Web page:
New social media group brings Bothell community together

A Bothell resident started a social media movement group for the city. - Courtesy photo
A Bothell resident started a social media movement group for the city.
— image credit: Courtesy photo

Bothell resident Heather Heyer started a movement in her community to bring her neighbors together and help each other.

The Buy Nothing Project began as an experimental hyper-local gift economy on Bainbridge Island and in just two months, it has become a social movement, growing to more than 4,000 members in 16 groups from San Jose, Calif. to Seattle. The idea is for local groups to form gift economies that are complementary and parallel to local cash economies. Heyer uses a Facebook group page to get her neighbors connected.

People join because they’d like to quickly get rid of things that are cluttering their lives or simply to save money by getting things for free.

Heyer started the group in Bothell a few months ago and it has around 400 members.

"Our Bothell group is one of the largest and most active groups in the project and we are growing every day," Heyer said.

People can post on the group page if they have a need for something or post if they have something to offer. There is strictly no money exchanged and no strings attached to giving or receiving. The Bothell group also has a Lending Library were members are welcome to "check out" items that they may need then return them. This way they don't have to spend money on something they would only use once a year or for a specific project.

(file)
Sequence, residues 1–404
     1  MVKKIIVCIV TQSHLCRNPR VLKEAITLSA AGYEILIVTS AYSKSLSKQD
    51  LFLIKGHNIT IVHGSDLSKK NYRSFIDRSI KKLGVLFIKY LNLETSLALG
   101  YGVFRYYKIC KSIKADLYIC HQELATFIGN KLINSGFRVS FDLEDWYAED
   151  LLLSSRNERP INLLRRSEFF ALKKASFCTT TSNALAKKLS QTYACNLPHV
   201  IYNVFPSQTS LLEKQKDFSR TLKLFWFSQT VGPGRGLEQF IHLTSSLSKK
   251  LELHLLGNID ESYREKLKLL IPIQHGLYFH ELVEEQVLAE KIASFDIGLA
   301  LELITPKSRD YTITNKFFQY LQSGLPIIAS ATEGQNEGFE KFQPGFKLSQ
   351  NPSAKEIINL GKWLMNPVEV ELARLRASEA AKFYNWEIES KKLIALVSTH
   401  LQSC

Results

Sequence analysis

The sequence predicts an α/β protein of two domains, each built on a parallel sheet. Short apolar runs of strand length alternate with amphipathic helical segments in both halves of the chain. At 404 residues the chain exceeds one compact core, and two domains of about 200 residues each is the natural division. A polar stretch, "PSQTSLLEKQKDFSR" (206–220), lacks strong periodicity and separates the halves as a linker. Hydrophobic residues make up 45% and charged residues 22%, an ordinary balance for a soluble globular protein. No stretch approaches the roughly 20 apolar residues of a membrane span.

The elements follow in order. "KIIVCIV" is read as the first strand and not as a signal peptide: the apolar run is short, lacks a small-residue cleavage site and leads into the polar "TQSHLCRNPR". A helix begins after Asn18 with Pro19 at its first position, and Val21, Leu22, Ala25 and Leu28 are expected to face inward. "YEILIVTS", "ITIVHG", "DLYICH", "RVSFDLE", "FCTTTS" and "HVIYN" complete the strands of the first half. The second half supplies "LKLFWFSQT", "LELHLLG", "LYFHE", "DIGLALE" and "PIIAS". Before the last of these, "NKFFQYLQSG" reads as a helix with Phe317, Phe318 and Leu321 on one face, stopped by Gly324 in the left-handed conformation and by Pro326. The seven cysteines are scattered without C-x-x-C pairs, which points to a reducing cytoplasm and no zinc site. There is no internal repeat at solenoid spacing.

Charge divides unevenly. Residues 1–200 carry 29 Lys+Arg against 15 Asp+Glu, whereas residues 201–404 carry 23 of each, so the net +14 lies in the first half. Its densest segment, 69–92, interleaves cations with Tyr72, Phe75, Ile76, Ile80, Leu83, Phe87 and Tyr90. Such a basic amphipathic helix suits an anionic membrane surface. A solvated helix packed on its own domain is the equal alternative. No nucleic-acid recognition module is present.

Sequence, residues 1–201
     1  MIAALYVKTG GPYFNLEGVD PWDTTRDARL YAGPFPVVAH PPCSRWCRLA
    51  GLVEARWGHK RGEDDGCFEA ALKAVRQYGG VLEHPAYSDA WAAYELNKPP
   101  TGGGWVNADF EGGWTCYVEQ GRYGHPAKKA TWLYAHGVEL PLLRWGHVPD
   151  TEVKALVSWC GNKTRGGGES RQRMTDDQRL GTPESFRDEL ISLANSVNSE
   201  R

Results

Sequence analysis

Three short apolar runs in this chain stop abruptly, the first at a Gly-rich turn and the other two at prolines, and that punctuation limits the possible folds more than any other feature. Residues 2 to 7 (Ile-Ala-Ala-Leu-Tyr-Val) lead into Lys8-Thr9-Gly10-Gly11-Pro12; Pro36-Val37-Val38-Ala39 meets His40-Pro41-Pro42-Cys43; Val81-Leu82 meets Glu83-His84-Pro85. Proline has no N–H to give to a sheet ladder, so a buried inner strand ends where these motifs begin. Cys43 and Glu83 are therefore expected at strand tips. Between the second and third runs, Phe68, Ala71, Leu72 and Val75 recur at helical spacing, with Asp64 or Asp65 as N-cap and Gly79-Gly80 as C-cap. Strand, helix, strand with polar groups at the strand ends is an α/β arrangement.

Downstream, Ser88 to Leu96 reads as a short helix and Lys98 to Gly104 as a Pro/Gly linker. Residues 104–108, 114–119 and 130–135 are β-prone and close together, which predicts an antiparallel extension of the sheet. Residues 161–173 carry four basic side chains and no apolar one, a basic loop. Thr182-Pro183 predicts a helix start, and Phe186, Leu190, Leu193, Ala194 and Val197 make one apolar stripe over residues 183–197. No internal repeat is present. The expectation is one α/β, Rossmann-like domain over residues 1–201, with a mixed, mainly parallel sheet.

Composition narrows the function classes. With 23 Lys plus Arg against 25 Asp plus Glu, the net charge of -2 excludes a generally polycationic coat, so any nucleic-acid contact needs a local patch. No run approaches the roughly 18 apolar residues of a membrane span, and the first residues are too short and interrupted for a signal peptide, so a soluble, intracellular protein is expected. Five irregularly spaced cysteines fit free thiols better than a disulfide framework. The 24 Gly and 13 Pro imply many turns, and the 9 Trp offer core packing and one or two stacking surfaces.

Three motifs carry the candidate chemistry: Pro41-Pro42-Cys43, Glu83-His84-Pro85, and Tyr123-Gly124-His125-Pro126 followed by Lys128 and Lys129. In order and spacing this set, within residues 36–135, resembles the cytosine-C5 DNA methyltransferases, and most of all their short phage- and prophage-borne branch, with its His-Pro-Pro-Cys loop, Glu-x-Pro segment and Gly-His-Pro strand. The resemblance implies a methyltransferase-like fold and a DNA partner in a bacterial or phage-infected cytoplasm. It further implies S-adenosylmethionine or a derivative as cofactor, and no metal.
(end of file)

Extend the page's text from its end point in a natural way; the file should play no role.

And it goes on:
"It has been amazing seeing the impacts that the group has made and how it is changing lives of it's Bothell members in profound ways," Heyer said. "The real wealth is the people involved and the web of connections that forms to support them."

Heyer said she has made many new friendships from interacting with people on the Buy Nothing Project page.

"When we exchange or give items to each other, we don't mail them; people come to the home and have an interaction while getting their items," Heyer said. "The goal is to get people outside, out of their homes and interacting with one another."

The project is for anyone, but it can be a great resource for those struggling in the downward economy.

"This is a safe place for someone to post something like, 'my husband lost his job and we don't have enough money to buy our child a Christmas present,'" Heyer said. "Someone will respond to them, encourage them and provide them with a present or something."

If too many people want an item, Heyer said she does a drawing and picks a winner.

"We wish we could give everyone absolutely anything they want but sometimes we have to filter," she said. "We do a drawing to make everything fair."

The Buy Nothing Project encourages sustainable practices as well.

"Our mantra is that almost anything can be reused," Heyer said. "So people are encouraged to come here instead of going out and buying something new."

For more information, visit the Bothell group at



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